This decade has seen many startups that rose to new heights, and then some that never made it. However, maybe no story is as interesting as that of WeWork, the co-working space, which started off as one of the most promising startups of this decade but ended up being bailed by its own investors. At the peak of its journey, WeWork’s valuation hit $47 billion but in less than a year, it needed an $8 billion infusion to avoid running out of money.
Bloomberg has summarised the startup’s entire journey in a video that’s aptly titled ‘The Spectacular Rise and Fall of WeWork.’ Here are some points to remember from the startup’s journey, in case you are planning on going big with your startup or if you want to avoid making the same mistakes. This is basically a case study of what happens when a startup with no effective oversight on how to spend gets its hands on too much money, too fast.
How it all started
The company started after its now ex-co founder and long-time CEO Adam Neumann came to study in New York. After trying his hand at a few businesses, he was struck with an idea of subdividing a space and renting it out with Miguel McKelvey who is a co-founder of the company and a trained architect. The two started their journey with a company called Greendesk, which was the first iteration of WeWork and was later sold.
In 2010, WeWork was born and it was a great time to start a co-working company in New York City. The startup actually had a solution for numerous landlords who were sitting on empty office buildings and the first building by WeWork started in Grand Street in downtown Manhattan. Soon after the business took off, they received some early investment from a venture capital firm called benchmark, and used the money to grow and take on new leases.
By 2015 WeWork quadrupled its valuation to $10 billion with over 23,000 customers who were paying for its memberships in 32 locations. The startup rented out desks for as little as $45 per month and instead of standing out just as a co-working space, the company brought a sense of community for like-minded people who are working together. Now, more investors were turning its gaze towards the thriving startup.
SoftBank entered the picture in 2017 and invested around $8 billion in WeWork, which further increased the company’s evaluation to a whopping $20 billion. Backed by SoftBank’s investment, the startup quickly expanded its footprint around the world and in 2019, SoftBank floated a potential investment of $16 billion, which meant a controlling stake in the company.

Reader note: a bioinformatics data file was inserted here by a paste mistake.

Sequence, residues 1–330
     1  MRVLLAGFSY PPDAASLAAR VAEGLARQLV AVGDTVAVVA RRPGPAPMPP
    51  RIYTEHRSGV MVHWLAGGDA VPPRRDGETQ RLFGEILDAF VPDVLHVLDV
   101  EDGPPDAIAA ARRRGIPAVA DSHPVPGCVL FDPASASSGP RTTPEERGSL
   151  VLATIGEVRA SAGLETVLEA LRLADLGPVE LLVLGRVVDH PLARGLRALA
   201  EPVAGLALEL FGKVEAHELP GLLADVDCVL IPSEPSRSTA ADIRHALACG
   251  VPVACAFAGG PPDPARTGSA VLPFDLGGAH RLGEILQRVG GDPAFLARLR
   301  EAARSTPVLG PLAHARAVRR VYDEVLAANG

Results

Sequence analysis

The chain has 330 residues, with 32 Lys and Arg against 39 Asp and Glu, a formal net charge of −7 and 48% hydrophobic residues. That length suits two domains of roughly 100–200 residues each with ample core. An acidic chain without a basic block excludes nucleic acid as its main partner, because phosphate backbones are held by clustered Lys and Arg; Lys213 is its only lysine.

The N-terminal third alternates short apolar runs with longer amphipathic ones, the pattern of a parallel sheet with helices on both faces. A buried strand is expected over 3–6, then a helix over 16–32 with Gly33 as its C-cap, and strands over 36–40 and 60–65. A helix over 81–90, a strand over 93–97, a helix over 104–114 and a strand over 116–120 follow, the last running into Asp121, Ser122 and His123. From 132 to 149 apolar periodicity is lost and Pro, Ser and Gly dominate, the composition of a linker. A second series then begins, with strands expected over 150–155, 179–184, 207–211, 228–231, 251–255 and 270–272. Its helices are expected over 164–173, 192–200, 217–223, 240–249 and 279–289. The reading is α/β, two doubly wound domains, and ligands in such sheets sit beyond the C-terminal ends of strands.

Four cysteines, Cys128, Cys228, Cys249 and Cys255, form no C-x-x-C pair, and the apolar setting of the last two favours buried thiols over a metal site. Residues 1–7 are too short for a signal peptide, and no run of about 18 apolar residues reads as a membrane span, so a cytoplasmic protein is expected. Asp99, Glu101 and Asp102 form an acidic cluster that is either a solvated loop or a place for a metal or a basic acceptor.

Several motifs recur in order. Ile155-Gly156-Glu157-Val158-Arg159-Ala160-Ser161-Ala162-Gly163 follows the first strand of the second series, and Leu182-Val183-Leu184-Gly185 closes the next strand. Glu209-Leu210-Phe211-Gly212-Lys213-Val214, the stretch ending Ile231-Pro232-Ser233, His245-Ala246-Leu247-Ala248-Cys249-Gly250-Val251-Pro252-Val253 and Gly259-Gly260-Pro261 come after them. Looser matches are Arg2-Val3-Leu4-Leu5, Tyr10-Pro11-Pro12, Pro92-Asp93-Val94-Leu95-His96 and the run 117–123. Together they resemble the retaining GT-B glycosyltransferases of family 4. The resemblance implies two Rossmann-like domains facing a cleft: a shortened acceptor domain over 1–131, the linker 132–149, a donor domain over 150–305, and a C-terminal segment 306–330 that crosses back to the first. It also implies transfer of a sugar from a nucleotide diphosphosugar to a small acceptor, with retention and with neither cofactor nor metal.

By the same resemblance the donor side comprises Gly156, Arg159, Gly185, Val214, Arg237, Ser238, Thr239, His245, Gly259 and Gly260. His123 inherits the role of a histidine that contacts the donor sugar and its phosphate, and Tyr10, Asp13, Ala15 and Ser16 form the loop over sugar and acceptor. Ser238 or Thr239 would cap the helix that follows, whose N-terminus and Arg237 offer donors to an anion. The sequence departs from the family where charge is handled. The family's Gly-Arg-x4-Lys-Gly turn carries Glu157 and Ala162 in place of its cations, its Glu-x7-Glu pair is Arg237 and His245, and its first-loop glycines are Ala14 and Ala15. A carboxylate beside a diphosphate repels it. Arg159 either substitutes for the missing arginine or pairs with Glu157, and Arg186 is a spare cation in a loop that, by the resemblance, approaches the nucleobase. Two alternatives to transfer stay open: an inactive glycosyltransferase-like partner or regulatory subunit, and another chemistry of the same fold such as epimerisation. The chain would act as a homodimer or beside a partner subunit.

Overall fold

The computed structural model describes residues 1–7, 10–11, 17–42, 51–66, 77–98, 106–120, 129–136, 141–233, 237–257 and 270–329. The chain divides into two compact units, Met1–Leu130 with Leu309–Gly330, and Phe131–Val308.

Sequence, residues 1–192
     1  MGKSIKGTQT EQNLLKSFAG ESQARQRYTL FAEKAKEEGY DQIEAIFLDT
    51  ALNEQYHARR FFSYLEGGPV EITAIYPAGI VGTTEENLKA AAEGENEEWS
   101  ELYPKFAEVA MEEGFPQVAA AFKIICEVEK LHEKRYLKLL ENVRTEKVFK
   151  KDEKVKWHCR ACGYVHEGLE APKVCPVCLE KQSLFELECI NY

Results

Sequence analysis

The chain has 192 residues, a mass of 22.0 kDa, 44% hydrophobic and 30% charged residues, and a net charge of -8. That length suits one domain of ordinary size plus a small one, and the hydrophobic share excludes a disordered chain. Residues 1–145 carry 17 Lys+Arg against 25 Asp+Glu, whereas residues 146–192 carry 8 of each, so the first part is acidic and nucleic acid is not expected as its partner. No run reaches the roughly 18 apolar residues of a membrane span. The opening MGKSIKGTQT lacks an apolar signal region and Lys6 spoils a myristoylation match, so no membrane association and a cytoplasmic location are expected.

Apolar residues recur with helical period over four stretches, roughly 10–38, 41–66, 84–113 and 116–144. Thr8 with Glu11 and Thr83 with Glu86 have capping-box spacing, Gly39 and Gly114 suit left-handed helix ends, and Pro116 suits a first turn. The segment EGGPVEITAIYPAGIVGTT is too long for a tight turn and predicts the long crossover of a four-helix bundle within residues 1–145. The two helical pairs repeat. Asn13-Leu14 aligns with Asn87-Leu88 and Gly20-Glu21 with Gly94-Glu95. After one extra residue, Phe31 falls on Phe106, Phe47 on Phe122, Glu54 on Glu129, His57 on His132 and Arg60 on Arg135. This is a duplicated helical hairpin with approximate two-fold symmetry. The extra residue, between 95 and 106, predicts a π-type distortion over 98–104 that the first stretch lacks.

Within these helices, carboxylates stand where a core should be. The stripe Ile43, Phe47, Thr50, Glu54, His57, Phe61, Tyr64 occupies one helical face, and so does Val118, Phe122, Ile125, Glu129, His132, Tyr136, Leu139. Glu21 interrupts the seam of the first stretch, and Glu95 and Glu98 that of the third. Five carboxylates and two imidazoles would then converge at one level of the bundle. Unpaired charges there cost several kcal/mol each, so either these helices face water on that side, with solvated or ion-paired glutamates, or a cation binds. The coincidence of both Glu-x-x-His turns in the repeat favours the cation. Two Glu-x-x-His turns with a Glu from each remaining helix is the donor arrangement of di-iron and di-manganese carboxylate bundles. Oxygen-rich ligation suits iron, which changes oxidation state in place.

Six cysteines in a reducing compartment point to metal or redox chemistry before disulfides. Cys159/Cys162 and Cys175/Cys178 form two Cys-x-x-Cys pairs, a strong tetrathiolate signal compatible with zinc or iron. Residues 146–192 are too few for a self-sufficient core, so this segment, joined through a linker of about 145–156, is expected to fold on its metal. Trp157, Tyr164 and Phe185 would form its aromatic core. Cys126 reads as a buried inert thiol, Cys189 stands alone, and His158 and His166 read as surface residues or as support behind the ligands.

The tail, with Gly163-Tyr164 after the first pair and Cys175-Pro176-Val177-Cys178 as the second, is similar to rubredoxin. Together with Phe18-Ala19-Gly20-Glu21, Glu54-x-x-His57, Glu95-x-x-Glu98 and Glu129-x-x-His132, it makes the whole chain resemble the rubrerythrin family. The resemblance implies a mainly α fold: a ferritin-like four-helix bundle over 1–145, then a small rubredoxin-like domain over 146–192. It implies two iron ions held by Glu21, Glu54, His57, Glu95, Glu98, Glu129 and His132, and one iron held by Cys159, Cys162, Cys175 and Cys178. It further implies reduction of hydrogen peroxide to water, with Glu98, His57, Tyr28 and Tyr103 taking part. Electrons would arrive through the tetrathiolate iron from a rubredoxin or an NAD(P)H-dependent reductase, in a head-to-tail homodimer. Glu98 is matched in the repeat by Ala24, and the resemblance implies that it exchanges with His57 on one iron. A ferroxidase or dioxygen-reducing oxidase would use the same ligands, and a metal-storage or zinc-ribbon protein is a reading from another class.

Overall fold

However, during this time of growth, another company called IGW was doing well and trading at a fraction of WeWork. Looking at both companies, IGW was making profit whereas WeWork wasn’t. However, with SoftBank’s investment and the green signal to spend the money, the startup went ahead to open more offices around the world, investing in other companies and even opening up a private elementary school in New York City.
While WeWork was expanding at an unprecedented rate and its valuation through the roof, there was no actual profit to be shown. This is being blamed on reckless expenditure by a company that made multiple bad investments. The startup announced in August 2019 that it is filing for an IPO and this was the first time that its investors were able to look into the company’s performance metrics.
The filings also revealed that in the first six months of 2019, WeWork amassed losses of about $690 million, bringing its total losses to almost $3 billion in the past three years. The fact that the company was making huge losses changed a lot of things as investors started to pull back from the company and that it isn’t ready to go for an IPO as a company that protects the value for shareholders. On September 17, WeWork officially pushed back its much-awaited initial public offering.
Adam Neumann resigns
After pushing back WeWork’s IPO indefinitely, the company’s board and its biggest investor, SoftBank decided that there needs to be a big change inside the company. Neumann was believed to a liability for the company instead of an asset. Late in September, Neumann resigned saying too much focus has been placed on him, realising he’s a distraction to the company.
Senior WeWork executives Sebastian Gunningham and Artie Minson were appointed as co-CEOs. Neumann’s $60million private jet was put up for sale, along with multiple WeWork acquisitions and the IPO was postponed indefinitely. WeGrow, the startup’s private elementary school was also shut down and thousands of employees were to be laid off.
It was reported that the Co-CEOs secured themselves multimillion-dollar severance packages when the company didn’t even have enough cash to pay severance to its thousands of rank-and-file employees that it plans to lay off. At this time of uncertainty and unrest at WeWork, Softbank injected a $9.5 billion into the company, bailing it out. Now, WeWork is valued at less than $8 billion.
Lessons for startups
It is quite evident that the top echelon at WeWork didn’t have any oversight or accountability on what they were doing. Running a business in a completely unprofitable manner, lack of board oversight and no adults in the room saying no almost led the company to the ground. WeWork is believed to be a good example of the fact that any company can’t go too far without proper management and oversight in place.
In the summer of 2019, the shared co-working space company WeWork was considered one of the most valuable startups with a $47 billion price tag. It was more valuable than Airbnb, Stripe and SpaceX. However, in just a span of a few months, it’s valuation down to $8 billion and the very future of the company is uncertain.
Image credits: WeWork
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